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About the event

Soft Skills artist Jen Liu will screen and discuss her video work The Pink Detachment (2016), as well as portions of her work in progress, Pink Slime Caesar Shift. Following her presentation Liu will be joined by artist and performance theorist Aliza Shvarts for a conversation on resistant reproductive temporalities and opacity as an intersectional strategy.

A counterpart to the paintings on view in Soft Skills, Liu’s The Pink Detachment reinterprets The Red Detachment of Women (1970), a Model Opera ballet from China’s Cultural Revolution, replacing its peasant girl protagonist with an accident-prone, inefficient meat worker. Valorizing “pink slime,” a processed paste of low-grade meat scraps, Liu’s work proposes a speculative solution to China’s current crises in meat supply. The work shifts the register of the color pink, as a symbol of femininity, from “natural” fleshy softness to a synthetic, potentially violent, hybridity.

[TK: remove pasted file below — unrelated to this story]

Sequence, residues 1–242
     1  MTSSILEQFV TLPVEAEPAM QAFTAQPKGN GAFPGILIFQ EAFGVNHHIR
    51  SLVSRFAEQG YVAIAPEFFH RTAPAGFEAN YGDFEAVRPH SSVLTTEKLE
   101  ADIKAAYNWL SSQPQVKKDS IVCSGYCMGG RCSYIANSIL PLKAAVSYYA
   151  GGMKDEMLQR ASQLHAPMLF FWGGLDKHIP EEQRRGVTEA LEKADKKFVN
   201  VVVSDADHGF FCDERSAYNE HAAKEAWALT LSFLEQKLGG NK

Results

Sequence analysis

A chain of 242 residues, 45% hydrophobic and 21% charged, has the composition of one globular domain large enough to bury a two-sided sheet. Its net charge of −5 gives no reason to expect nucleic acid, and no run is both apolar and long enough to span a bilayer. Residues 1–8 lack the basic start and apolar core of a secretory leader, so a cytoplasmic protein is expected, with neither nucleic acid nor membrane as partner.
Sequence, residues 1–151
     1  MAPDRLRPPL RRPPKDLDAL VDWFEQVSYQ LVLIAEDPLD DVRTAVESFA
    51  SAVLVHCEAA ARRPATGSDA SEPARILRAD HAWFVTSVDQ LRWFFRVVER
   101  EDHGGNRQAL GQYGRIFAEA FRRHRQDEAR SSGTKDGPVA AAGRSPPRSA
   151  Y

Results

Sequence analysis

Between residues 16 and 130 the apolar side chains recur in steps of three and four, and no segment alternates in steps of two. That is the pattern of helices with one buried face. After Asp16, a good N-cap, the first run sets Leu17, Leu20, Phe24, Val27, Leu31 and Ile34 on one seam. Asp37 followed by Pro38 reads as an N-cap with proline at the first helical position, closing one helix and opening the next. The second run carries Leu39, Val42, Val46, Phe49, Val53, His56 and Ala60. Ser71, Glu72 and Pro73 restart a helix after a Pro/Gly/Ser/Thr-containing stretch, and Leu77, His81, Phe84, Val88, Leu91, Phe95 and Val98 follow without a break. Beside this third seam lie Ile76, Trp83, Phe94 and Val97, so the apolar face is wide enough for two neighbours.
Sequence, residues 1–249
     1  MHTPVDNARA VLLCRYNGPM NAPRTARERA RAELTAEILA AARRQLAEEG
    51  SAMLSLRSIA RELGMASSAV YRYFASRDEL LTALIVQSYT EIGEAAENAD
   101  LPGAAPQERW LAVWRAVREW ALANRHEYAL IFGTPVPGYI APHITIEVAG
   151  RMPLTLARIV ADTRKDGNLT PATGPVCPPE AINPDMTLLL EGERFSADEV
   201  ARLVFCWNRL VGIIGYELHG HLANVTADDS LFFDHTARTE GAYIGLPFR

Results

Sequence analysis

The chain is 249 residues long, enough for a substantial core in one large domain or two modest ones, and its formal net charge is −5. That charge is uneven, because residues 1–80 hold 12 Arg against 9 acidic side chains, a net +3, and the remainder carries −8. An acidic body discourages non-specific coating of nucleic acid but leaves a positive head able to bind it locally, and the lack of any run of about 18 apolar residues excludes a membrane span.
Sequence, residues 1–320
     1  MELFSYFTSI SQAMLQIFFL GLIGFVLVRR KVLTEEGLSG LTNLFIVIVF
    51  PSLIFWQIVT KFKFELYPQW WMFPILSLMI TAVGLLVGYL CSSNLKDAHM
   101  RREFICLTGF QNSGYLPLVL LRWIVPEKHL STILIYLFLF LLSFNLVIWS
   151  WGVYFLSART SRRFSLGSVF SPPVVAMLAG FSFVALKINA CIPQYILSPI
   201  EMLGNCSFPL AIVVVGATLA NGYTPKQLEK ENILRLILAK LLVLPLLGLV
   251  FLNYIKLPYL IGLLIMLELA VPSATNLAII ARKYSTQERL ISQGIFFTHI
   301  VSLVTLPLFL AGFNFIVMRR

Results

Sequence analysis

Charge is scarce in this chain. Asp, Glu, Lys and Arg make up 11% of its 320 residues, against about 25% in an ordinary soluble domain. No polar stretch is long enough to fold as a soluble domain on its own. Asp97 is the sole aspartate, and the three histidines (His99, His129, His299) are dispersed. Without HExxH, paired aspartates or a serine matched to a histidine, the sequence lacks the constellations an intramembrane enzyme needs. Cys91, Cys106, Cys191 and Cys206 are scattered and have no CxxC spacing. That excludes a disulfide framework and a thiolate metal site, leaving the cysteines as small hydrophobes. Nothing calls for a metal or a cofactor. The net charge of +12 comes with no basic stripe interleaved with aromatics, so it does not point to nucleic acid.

Liu’s new multi-part work Pink Slime Caesar Shift comprises another generative fiction about meat production in China, centering on the inability of Chinese factory workers to organize due to state-controlled social media. If synthetic meat based on stem cell technologies is grown on an industrial scale, the work suggests, workers may have a new vessel for distributing secret messages through ciphers programmed into the meat’s genome.

Liu’s talk will elaborate on these projects and their many sources of inspiration, from Drunk Tank Pink, a bubblegum shade known for its palliative psychological effects, to the “charm offensive” soft power tactics of Asia’s international relations. The artist will also discuss her ongoing field research with labor organizers and NGOs in China.